Designing surveys can be a difficult task, its not always as easy as it looks. There will always be a time when you are required to complete one, whether short or long, these will always produce excellent insights to the researcher about yourself and your opinions.

The national census is something you will have all come across. The abundance of data collected from this compulsory survey allows the government to gather a variety of information on society, primarily demographics. Of course the scale of this survey is beyond anything you may come across on a daily basis. Generally you will encounter some sort of feedback survey asking you to rate a service or company, most of which are common amongst online shopping sites.

Depending on the purpose of the survey, the design of it will vary largely, ranging from the number of questions, the length of the survey, the language used and many other considerable factors. The purpose of this article is to provide a generalised checklist of criteria which can be applied to all surveys created.

  1. How will the survey be conducted – This will depend on a variety of factors such as your audience, cost, time, the size of the sample and many more. Think carefully about the practicality of your chosen method, e.g. over the telephone, on the internet, through an app etc.
  2. Consider who your audience is – Understanding who will complete your questionnaire is one of the most vital things to consider. Of course this would be the first thing you can consider, but it is important that you understand their perspective, and that the questions you use are relatable to them.
  3. Language and terminology – While designing your own survey, it is easy to accidently assume your audience will understand the words used in the question as well as you do. Ensure that you use simple language that is easy to read, or at least provide definitions when including more complex terms.
  4. Provide clear instructions and examples if required – Once again it can be easy to assume a survey is easy to complete while you are the one designing it. If you are providing the option to select one option out 5, make sure you state that the respondent should circle the answer, or whatever your preference may be. Small errors like this can have an impact when it comes to extracting the relevant data.
  5. Decide on a structure – Structured, semi structured and unstructured surveys all have their pros and cons, but choosing the right one will determine the type of data you collect. The decision to receive more qualitative or quantitative data will help you to decide what structure is best.
  6. Make use of validated scales – You may find that other professionals have researched similar topics, and used scales to answer specific questions e.g. measuring customer satisfaction. It is worth using these scales in your survey as they have been proven to work by industry experts.
  7. Layout – As much as we would all love to gain as much information as possible from survey respondents, they don’t all have the time to complete a series of questions. Consider keeping your survey short as there is a good chance after 10 questions the respondent may lose interest. In addition make the presentation of the questions look simple rather than crowded, or your audience will see it as a page of clutter and be reluctant to respond.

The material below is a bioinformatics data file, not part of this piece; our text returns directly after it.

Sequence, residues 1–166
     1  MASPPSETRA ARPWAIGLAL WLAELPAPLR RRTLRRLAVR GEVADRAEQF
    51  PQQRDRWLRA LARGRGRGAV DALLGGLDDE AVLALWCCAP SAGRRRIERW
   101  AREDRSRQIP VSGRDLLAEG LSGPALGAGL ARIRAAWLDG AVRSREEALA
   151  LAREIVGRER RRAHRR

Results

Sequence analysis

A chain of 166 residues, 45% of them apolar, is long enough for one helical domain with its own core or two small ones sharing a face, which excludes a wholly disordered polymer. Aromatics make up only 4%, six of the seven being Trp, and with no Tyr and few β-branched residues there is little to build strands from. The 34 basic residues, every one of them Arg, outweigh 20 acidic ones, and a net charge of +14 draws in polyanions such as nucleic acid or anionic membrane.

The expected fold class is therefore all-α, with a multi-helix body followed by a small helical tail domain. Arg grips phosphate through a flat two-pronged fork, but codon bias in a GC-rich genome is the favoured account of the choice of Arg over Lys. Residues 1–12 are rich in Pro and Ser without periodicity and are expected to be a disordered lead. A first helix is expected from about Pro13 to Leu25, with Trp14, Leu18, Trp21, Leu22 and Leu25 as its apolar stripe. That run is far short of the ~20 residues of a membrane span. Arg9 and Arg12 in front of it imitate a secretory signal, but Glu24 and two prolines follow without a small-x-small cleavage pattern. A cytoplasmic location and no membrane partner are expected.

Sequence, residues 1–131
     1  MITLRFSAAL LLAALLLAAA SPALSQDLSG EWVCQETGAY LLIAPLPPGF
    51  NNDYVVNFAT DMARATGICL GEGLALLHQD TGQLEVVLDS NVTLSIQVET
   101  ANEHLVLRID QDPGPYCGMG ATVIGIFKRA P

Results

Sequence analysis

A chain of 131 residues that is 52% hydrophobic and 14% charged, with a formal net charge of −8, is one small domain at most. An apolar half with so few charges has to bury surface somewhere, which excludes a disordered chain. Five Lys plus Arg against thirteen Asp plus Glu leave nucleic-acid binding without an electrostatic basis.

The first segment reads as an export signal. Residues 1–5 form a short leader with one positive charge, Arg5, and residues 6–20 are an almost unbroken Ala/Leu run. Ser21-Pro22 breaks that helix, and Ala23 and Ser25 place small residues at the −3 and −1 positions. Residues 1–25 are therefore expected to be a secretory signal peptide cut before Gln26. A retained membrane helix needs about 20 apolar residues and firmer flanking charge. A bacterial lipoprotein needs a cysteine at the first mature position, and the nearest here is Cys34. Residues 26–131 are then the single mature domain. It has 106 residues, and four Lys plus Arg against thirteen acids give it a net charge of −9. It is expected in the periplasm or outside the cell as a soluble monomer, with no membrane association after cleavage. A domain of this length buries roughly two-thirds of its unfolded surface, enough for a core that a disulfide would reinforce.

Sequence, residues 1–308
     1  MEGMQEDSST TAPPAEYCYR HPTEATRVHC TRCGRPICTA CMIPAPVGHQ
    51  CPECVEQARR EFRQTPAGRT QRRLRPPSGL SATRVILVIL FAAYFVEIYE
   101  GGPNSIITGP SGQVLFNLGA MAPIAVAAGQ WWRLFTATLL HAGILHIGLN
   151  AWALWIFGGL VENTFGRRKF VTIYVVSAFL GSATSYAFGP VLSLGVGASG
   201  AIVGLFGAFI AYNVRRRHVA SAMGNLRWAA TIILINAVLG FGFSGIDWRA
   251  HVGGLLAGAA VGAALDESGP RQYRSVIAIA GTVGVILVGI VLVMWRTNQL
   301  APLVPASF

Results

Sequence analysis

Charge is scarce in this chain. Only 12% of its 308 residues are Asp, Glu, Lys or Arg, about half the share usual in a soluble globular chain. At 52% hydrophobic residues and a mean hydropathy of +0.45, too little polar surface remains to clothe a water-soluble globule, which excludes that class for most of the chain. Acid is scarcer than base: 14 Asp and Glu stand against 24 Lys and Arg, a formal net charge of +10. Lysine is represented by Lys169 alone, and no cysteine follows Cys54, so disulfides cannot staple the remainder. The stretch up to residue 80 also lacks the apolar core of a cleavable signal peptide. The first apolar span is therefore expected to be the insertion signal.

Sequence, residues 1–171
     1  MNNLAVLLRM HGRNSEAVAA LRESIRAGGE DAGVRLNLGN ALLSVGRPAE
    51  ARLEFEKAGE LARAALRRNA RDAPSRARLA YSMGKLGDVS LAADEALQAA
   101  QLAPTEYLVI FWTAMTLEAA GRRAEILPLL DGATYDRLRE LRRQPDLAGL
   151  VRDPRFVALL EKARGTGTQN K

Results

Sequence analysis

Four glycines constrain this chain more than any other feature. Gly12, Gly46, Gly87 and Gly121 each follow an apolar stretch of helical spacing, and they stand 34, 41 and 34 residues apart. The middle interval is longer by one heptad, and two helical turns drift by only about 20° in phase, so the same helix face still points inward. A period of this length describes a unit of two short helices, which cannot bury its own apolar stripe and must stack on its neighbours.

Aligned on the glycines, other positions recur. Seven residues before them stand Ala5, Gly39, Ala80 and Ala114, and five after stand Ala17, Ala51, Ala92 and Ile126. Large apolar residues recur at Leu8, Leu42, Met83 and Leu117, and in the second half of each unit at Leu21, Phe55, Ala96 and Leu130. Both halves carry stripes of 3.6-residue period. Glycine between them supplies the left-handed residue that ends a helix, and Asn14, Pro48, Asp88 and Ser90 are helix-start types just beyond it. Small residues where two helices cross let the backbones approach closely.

8. Point of contact – The smallest amount of detail can make the difference between someone filling in your survey rather than dismissing it as there is a lack of understanding. By providing a contact point, respondents can contact someone in regards to any queries they may have about the survey.
  9. Do not provide leading questions – A leading question is one where respondents are encouraged/likely to produce an answer that is wanted by the researcher. By doing this, there is an element of bias within your data and so the validity of your data is compromised. Have other people read your question first to see if there is any indication of a preference for one answer.
  10. Question your data – Conducting an analysis of the data collected will provide you with indications regarding the areas you are focusing on. For example if customer feedback is mainly positive in a particular store you know that there is no problem to address. To take your analysis one step further, find out exactly WHY customer feedback is so positive in a certain store. Is it the way the staff are trained, and could it be replicated elsewhere? There is always an option to conduct further, more specific research, if time and costs are not a restriction.

Bear in mind that the criteria checklist above are only a proportion of factors that should be considered when designing surveys. There are other elements that should be taken into consideration which are of equal importance to the ones listed. Ensure that you conduct a pilot study where a small sample of your audience is able to complete the survey and provide you feedback for potential areas that require redesigning.